For many students at Lafayette High School, they have only had one or not even a single full in-person school year. Due to the pandemic, we had to go virtual in the middle of March 2020. We did a remote learning system called NTI (Non-Traditional Learning). It was very hands-off with optional zoom meetings and no final exams. There was much less work and the school year felt as if it was already over. Once we returned for the 2020-2021 school year, it was completely virtual but we had more work and mandatory zoom meetings. There have been mixed feelings from students about virtual learnings with opinions ranging from “much easier and less pressure” to “lack of motivation and everything feeling pointless.” In this article, we look at individual experiences from students on how virtual learning was compared to in-person learning.
Many students reported feeling like virtual learning took the social aspect out of school. They went days, even weeks, without even speaking to their teacher or students, while some didn’t join the zoom meetings often because they felt a lack of motivation and, “Didn’t see the point in joining just to lay down and hear the teacher talk” like Rileigh Grigsby, a student at Lafayette. When asked if she enjoyed in-person or virtual more, she responded, “I like in-person more because I can actually foster a connection with my teachers.” A lot of students didn’t get the chance to catch up with teachers or have personal conversations with them. Many wanted to reach out but felt the virtual aspect of talking disconnected them — even from their peers.
Others enjoyed virtual learning or had many positive things that came from it. Collin Harrison, a Junior at Lafayette said, “Personally, I actually enjoyed it because it gave me a space to love myself and to really put energy into my endeavors and my own personal life outside of school.” Katie Squire, another Junior at Lafayette, said “The vibe was much nicer. I felt less pressure and had more time to myself.”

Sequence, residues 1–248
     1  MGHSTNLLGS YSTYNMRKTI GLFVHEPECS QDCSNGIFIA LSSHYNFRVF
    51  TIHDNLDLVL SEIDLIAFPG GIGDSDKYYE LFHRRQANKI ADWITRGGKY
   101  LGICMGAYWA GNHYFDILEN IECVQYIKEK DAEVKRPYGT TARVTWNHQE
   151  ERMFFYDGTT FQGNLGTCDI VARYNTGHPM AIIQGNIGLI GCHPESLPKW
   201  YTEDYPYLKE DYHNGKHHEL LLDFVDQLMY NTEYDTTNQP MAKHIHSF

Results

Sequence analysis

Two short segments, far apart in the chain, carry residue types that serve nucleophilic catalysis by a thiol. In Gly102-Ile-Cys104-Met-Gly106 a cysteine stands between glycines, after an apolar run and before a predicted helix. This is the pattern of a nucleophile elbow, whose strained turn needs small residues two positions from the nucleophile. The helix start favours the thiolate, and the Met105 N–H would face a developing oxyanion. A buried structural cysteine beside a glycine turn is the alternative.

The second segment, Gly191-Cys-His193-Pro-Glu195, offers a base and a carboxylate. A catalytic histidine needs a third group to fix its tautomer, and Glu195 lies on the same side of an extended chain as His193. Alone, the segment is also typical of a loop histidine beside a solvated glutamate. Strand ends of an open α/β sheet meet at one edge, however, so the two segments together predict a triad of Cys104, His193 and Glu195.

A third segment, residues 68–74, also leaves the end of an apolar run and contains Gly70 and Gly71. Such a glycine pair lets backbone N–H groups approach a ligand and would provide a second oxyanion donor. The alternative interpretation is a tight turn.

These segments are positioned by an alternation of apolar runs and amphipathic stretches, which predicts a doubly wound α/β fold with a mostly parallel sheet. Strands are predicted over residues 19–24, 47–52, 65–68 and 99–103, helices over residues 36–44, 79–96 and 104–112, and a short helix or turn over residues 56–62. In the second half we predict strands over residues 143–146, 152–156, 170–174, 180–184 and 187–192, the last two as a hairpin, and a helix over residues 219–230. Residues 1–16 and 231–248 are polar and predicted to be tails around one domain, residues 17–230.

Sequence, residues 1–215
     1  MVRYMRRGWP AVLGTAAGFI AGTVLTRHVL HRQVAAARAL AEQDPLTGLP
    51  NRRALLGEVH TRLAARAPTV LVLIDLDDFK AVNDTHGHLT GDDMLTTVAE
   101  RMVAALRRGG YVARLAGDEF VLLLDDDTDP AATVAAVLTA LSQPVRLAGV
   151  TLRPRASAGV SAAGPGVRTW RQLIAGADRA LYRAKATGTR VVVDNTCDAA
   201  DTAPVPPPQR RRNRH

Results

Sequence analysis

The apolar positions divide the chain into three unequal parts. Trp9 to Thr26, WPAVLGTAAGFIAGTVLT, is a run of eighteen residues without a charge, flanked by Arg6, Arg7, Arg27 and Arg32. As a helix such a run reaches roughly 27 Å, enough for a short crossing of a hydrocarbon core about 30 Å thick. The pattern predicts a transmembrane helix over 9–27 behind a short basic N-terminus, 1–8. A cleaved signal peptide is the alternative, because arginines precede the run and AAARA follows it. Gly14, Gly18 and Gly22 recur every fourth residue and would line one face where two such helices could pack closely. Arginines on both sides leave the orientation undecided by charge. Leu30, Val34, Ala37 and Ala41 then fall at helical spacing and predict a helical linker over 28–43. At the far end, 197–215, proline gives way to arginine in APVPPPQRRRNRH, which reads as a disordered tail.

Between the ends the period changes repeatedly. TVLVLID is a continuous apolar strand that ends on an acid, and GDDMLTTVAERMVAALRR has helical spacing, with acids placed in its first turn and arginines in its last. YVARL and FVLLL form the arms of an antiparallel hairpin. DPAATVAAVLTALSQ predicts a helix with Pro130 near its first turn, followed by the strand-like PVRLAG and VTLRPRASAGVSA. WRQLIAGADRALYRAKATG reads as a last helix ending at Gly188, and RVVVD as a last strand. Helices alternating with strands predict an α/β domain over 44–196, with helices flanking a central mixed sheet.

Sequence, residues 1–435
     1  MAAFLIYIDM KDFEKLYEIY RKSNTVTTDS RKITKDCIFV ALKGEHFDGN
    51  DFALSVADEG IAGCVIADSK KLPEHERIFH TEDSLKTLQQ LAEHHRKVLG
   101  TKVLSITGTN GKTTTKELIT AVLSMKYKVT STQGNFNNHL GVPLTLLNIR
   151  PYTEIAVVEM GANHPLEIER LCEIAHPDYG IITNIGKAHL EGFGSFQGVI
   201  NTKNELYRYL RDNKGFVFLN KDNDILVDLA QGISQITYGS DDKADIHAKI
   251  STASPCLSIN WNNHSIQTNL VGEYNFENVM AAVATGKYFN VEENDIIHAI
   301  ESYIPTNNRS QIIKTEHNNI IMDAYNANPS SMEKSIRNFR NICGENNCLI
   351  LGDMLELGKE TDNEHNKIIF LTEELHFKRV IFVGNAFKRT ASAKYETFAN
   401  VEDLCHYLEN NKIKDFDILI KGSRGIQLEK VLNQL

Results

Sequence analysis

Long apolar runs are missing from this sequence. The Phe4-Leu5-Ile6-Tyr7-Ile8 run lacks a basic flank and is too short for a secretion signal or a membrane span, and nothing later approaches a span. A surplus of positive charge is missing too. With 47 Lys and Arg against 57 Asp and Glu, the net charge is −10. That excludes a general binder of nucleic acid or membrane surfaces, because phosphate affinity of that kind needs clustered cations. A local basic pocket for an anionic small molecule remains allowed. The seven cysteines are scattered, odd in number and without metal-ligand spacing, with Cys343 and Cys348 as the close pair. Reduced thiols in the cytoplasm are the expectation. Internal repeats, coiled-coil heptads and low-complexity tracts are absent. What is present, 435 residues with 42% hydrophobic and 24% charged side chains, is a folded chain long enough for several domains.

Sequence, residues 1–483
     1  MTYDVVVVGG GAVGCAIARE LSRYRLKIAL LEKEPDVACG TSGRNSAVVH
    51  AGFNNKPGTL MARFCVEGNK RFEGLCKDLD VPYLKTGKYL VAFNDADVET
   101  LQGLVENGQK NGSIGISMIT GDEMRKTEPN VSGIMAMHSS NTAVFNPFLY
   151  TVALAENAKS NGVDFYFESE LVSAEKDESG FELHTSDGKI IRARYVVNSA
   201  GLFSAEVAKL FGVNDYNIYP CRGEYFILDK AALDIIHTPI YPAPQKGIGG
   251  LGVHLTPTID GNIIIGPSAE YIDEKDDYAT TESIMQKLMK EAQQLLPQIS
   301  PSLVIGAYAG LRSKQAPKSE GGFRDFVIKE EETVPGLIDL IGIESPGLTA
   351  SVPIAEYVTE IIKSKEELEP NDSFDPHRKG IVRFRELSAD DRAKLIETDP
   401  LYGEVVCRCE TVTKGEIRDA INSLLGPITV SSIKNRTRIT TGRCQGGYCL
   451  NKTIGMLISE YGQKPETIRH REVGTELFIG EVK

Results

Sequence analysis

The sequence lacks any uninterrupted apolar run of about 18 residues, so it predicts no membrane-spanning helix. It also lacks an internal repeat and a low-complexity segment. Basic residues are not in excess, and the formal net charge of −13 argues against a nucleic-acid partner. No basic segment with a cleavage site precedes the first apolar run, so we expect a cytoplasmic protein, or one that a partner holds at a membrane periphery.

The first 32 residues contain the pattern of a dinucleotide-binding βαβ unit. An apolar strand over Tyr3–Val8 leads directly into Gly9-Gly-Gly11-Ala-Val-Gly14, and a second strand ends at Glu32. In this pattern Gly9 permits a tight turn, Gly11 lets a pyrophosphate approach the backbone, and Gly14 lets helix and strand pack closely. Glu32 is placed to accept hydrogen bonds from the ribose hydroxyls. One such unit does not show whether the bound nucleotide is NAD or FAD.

As for the workload, there were mixed experiences from students. Some reported having very little homework, others reported feeling overwhelmed and stressed. Aaliyah Tabontabon, a Junior said, “The workload was pretty much the same but it’s easier to manage in-person.” A couple students (Rileigh Grigsby and Ella Swanigan) even reported that virtual learning gave them, “The worst grades of their school career.” Many people felt like it’s hard to learn just through a screen so by the end of the semester, they ended up learning close to nothing and their grades reflected it.
Overall, remote learning was a crazy experience — from all sides. Doing everything online was hard for many people and the majority of students didn’t enjoy it or would rather do in-person learning. I took a verbal student poll with eleven Juniors and in the end, 82% of the students enjoy in-person school more than virtual learning. The past two years at Lafayette High School have been pretty crazy and we have yet to return completely back to normal. Only time will tell when we are finally able to take off these masks and gather together once again.